Paying the Price for Free Music

A few months back, in an attempt to raise the general awareness of a new breed of computer infestation, we wrote an article on spyware. At the time we noted that many popular file sharing applications come with a hidden payload, stealth applications called spyware. Recent events bring this practice back into the lime light.

Noted industry security pundit Steve Gibson describes spyware as "any software which employs a user's Internet connection in the background (the so-called "backchannel") without their knowledge or explicit permission." Most notably, these purposes include displaying not-so-random pop-up banner ads while you surf the Internet, monitoring your behavior online and reporting this information back to centralized servers, and even making you a part of larger network of users whose spare computing power and hard drive space can be harnessed and resold to other companies.

It is this latter practice that recently cast a dark shadow on the popular Napster replacement, KaZaA. In the past month, it was revealed that Internet users installing KaZaA's file sharing application were unwittingly installing another application by Brilliant Digital Entertainment.

As this CNET article notes, KaZaZ gave Brilliant Digital access to millions of computers. They intended to use these for the purpose of hosting and distributing other companies' content, in effect, using your computer's resources and your Internet connection to serve ads and music. They also discuss using your spare computer power to perform complicated business tasks.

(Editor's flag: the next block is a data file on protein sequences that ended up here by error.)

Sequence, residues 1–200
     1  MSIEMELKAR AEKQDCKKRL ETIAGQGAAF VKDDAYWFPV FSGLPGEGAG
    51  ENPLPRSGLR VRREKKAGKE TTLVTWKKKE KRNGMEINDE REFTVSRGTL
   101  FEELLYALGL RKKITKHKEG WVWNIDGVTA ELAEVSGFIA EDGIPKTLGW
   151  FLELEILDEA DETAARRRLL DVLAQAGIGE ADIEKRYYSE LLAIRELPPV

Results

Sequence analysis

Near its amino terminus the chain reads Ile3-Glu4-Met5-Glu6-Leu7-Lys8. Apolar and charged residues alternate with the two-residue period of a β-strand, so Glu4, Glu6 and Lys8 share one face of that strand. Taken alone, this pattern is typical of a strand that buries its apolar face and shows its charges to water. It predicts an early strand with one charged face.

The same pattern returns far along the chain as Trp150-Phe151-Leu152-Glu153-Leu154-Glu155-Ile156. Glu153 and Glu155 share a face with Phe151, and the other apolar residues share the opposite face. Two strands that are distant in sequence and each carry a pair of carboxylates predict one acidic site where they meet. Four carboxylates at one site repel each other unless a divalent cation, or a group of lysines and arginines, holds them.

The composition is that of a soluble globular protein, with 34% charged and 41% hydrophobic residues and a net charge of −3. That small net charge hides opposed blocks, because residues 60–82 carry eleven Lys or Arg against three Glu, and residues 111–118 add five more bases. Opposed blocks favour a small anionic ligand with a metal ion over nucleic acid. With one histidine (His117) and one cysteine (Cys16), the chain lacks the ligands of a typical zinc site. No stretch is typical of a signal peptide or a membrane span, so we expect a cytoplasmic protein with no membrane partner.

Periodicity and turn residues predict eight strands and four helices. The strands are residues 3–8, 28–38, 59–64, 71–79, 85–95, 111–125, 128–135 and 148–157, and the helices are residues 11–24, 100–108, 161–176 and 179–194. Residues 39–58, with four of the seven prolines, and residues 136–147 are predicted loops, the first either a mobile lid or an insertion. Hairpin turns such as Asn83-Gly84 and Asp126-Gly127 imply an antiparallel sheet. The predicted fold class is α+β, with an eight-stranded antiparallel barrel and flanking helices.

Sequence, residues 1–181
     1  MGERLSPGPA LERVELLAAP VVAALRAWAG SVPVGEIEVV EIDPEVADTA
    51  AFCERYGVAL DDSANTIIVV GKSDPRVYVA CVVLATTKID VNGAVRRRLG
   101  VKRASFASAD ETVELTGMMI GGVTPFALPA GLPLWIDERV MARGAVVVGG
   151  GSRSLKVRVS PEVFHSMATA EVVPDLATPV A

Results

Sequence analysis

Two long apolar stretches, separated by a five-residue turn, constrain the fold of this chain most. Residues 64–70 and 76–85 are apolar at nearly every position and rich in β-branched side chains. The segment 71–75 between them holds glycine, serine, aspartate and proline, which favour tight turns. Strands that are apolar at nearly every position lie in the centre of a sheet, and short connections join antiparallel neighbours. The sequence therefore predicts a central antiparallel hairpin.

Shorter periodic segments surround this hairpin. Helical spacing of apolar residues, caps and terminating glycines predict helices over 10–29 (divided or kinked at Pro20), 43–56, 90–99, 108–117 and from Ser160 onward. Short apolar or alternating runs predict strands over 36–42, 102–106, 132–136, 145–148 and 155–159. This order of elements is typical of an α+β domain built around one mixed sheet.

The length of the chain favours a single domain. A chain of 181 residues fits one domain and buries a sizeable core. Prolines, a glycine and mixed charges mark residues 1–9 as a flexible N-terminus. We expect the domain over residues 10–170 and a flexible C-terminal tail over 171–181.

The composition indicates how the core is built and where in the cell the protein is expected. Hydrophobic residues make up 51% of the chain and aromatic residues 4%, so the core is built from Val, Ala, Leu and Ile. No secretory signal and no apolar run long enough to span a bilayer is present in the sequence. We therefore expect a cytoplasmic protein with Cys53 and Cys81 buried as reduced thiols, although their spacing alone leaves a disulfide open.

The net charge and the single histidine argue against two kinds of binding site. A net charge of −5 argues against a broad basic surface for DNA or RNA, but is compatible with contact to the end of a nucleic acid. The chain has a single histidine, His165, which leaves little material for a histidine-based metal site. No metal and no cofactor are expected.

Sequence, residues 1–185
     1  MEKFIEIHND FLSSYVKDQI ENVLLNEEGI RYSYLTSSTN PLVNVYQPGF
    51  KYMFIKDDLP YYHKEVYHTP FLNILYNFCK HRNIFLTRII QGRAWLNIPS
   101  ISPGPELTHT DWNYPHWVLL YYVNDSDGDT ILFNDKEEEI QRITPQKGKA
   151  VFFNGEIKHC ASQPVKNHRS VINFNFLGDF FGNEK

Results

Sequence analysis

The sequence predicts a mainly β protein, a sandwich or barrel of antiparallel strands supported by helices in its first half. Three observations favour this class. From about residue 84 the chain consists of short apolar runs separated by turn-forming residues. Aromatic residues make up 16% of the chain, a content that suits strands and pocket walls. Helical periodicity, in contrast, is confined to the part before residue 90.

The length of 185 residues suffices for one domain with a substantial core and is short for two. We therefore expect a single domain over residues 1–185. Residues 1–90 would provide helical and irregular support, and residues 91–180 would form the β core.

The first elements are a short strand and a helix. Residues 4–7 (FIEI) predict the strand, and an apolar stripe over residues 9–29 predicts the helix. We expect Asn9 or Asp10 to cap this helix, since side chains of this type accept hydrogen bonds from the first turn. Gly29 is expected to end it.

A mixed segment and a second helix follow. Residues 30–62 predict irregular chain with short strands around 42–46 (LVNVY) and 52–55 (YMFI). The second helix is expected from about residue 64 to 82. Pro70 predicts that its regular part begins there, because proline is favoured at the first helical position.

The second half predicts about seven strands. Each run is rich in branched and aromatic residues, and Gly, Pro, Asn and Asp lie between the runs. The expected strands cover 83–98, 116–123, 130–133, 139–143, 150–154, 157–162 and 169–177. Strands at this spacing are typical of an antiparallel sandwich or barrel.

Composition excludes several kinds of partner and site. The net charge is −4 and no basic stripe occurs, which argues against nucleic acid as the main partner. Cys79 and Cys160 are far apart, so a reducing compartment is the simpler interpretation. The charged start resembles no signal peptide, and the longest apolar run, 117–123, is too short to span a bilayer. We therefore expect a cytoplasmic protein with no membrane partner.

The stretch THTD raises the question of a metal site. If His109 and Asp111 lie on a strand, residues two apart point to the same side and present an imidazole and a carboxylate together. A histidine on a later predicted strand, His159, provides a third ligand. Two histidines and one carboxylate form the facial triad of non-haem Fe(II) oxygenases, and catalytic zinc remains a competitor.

This is by far the lowest of the low when it comes to the spyware included in popular applications. However, these applications have numerous other hidden costs resulting from spyware. Spyware, in general, tends to be poorly written software. Why? Who knows? Perhaps it is because the effort seems to be focussed on hiding the application rather than developing a real product. Or, maybe it is because many of these applications attempt to integrate themselves into core parts of the operating system so that they can better track our movements online.

Whatever the case, we see one computer after the next come in the door with problems that can be directly attributed to spyware applications, including slow Internet connections, frequent disconnects, system hangs on shut down, slow computers, out of resources errors, etc. The effect of spyware is detrimental and, often, it is not easily fixed. The result: mounting computer repair bills.

The number one culprit is file sharing applications. And--lets be honest here--we're talking about software which allow users to swap music. A post-Napster plethora of these applications has sprung up. Most can be used for free. Why? Because when you click the "I Agree" button on the EULA screen, you consent to let them install all these other goodies.

So, who are we talking about? Who are the biggest offenders. Here's a short list compiled in a few minutes of Internet surfing. It includes the name of the application and some of the spyware each application is known to install.


KaZaA LimeWire Grokster Audiogalaxy iMesh: Conducent/Timesink WinMX SongSpy

As noted in the previous article, there are applications which you can download and install for free which will eliminate spyware. However, in most cases, this breaks the software that installs the spyware as well. In addition, many of the spyware applications are being programmed to break the spyware remover applications. So, though you can remove the spyware yourself, it is not for the faint at heart, which takes us back to computer repair bills. So, I ask, what is the price of free music? It certainly isn't free.

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